GOLDEN GATE NATIONAL RECREATION AREA: Hiking Sensational Coastal Landscapes Through Changing Seasons in the Marin Headlands at Tennessee Valley
One time, approaching an isolated outcrop of eroded and lichen-encrusted boulders, high in the rugged hills of upper Miwok Trail, no one about for miles, I watch as several monster sized ravens convene on a rocky prominence and hold court like dark royalty deciding weighty corvine matters. There is much mocking and admonitions, flapping about and carrying on, squawky nay saying and jostling for prime perches. Many photos, but not a one turned out. (What do you expect, Gambolin' Man, with your puny little digital?)
Another time, on the final leg of a tough hike, we stop to watch a hungry bobcat hunting at the dusky hour, in an open meadow close to the parking lot, where hundreds of passers-by could have witnessed (if hundreds had been there) the cat pawing at the ground, then pouncing, then pawing some more, but coming up empty before dashing away out of sight into the thickening night.
Not long ago, hanging out by a small hidden creek, I happen to look up and espy the tiniest of nests about ten feet up on an alder branch; on closer examination with the binoculars, sharp textured details of a delicate oval shaped basket, woven of fibers and grasses, are revealed. Must belong to any one of a number of species of hummingbirds who call this part of GGNRA home. (For the record, I've named her Anna.) Next thing I know, here she comes, flitting expertly through the foliage, alighting with perfect precision on her diminutive roost, sitting there contentedly for a goodly while.
Throughout countless visits at different times of the year, through the changing seasons, many animal residents of Tennessee Valley have been spotted: playful aquamarine mammals, stealthy coyotes, ultra cautious rabbits, nonchalant deer, skulky fox, waddling skunks, slinky blue-tailed skinks, darting Western fence lizards, many varieties of slithering snakes and threatened and endangered amphibians, dozens of species of dragonflies and butterflies, all beautiful and intricate beyond description, and a myriad forms and manifestations of avian life, mostly unnamable and unknowable, but common sightings include red-tailed and red-shouldered hawks, golden eagles, ravens, crows, vultures, owls, quail, ducks, and a plethora of pelagic / shore birds, including terns, gulls, pelicans, cormorants, and herons.
I've barely touched the surface of possible birds, trees, insects, animals and plants that live in this swathe of the GGNRA's 75,500 acres of open spaces covering three counties and spanning hugely diverse ecosystems amidst the urban matrix called the San Francisco Bay Area. You're not likely to find any natural venue more stunning, any biota richer, in such proximity to a large city, than the parks of GGNRA, and especially the lovely, spectacular and, naturally, over-visited Tennessee Valley.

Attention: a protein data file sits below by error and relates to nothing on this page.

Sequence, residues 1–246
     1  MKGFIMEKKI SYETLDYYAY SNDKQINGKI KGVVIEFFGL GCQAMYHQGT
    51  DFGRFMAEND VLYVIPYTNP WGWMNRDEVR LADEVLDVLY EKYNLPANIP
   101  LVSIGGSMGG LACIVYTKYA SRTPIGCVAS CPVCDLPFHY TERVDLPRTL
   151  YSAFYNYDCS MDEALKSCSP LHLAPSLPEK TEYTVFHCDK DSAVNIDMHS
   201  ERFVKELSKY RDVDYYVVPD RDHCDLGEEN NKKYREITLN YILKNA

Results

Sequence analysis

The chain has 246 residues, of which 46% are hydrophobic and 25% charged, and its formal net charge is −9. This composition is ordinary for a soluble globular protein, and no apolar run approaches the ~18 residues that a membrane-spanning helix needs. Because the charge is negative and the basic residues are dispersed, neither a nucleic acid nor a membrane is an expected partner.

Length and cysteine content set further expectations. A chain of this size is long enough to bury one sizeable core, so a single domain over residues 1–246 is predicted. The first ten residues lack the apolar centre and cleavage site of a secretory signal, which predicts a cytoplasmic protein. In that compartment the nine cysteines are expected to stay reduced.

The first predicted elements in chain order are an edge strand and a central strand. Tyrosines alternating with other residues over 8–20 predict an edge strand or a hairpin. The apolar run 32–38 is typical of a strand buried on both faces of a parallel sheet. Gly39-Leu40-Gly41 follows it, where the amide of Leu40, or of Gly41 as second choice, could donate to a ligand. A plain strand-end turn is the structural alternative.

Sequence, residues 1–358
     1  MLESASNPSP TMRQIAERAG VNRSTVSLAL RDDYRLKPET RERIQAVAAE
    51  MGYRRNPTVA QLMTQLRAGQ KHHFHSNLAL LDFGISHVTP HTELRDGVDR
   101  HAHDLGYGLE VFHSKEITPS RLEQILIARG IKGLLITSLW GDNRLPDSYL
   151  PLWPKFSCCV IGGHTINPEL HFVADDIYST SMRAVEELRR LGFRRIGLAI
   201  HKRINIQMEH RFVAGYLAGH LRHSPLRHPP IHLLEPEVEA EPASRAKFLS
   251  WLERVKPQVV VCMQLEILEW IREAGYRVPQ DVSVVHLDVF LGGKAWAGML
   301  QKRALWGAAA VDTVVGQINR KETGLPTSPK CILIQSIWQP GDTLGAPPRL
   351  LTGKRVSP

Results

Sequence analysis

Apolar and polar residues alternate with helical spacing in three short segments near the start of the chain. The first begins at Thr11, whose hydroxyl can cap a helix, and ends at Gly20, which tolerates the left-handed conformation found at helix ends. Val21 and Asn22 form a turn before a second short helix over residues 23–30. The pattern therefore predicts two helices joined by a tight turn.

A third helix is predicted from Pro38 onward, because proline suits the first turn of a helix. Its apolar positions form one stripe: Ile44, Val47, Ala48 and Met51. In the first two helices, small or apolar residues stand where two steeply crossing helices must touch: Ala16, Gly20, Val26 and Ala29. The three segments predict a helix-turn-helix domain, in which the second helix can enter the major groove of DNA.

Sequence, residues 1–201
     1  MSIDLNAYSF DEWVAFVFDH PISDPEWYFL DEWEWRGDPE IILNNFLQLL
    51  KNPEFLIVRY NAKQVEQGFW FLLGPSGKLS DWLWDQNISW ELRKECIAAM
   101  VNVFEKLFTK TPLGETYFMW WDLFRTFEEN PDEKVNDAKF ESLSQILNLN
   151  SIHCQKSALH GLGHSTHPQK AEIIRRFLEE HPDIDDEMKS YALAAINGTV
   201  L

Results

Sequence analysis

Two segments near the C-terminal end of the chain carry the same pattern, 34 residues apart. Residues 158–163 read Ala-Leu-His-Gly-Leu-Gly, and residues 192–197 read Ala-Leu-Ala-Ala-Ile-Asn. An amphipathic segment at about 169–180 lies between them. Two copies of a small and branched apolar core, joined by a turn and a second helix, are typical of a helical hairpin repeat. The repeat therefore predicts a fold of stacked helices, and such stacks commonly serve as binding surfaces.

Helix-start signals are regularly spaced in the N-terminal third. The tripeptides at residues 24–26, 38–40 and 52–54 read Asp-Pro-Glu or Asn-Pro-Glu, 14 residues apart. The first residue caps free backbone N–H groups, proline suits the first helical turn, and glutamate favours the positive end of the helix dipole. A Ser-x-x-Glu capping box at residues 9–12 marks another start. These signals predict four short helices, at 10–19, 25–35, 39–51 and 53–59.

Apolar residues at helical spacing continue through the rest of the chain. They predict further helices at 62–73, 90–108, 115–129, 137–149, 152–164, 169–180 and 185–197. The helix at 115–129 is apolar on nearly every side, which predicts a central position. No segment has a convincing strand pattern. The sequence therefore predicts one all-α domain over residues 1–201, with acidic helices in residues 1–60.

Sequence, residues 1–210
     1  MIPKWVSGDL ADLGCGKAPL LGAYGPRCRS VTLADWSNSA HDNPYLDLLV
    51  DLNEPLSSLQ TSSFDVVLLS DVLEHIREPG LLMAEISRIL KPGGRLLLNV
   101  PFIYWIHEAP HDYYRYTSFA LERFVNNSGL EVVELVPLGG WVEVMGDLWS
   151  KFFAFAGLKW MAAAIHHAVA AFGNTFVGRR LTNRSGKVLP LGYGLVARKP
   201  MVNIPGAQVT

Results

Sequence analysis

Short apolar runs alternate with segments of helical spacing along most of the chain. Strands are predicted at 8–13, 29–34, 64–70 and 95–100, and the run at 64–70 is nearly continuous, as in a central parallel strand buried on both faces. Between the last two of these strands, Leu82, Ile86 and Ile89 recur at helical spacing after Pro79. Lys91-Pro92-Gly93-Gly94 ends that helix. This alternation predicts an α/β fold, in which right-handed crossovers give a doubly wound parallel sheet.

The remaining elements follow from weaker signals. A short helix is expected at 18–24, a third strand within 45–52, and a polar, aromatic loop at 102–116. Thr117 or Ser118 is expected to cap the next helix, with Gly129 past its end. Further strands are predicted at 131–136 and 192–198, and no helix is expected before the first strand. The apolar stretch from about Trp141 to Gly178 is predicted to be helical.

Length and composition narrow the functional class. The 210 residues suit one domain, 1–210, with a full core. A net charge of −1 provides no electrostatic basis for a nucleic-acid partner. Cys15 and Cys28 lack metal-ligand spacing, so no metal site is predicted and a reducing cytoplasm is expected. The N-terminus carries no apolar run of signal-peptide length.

This "wild" place truly holds the promise - or threat! - of catching glimpses of animals you probably won't ever see in "person", such as the elusive mountain lion, but you will, if you're observant and follow game trails and look for faunal scat areas, come upon plenty of evidence of their comings and goings, this top chain food predator's stealthy movements through a green connector belt that provides access and egress via riparian corridors across a huge swathe of land encompassing more continuous mantel of unbroken green forest than Costa Rica! This, folks, is Marin County, a land blessed with a cornucopia of natural preserved beauty -- portions of the GGNRA, several State Parks, the Marin Municipal Water District lands, and far beyond west Marin to Pt. Reyes National Seashore. My! My! It just doesn't get better than this! -- San Francisco's "back yard paradise." (And you want to know why it costs an arm and a leg to live in the SF Bay Area.)
Tennessee Tennessee, there ain't no place I'd rather be, Baby won't you carry me back to Tennessee . . . Valley, that is, with all due respect to the classic Dead song. Crazy thing is, though, it took - what? - 20 years of residing in the Bay Area - to finally haul my butt out to Tennessee Valley! That's because, all along, I smugly figured, like Oakland so famously described, there wasn't much "there there." Couldn't be. Just look how damn close it is to roaring freeways, metropolitan skylines, modern suburban sprawl, and ugly housing developments - all this bustling activity and endless concrete and asphalt of development run amok, it all seemed much too THERE THERE for a veritable nature get-away to exist in its purlieus, right on its frenzied, artificial fringes. Besides, the crowds, the crowds, the madding crowds. On any given day, especially on weekends, the commodious parking lot is jam packed with enthusiastic hikers of all ages and sizes (90%), perfectly outfitted mountain bikers (8%), and a few equestrians (2%), each special interest "outdoor user group" squeezing in their couple of hours of effortless, all-access, ultimate nature experience at Tennessee Valley. And because it's a mere stone's throw from San Francisco, you not only have to contend with outdoorsy Bay Areans who believe their slice of coastal paradise is unrivaled up and down for hundreds of miles, but millions of tourists from all over the world who also come and visit and contribute to Tennessee Valley's often tiresome overcrowdedness and super-popularity. Yes, Tennessee Valley suffers from being loved to death.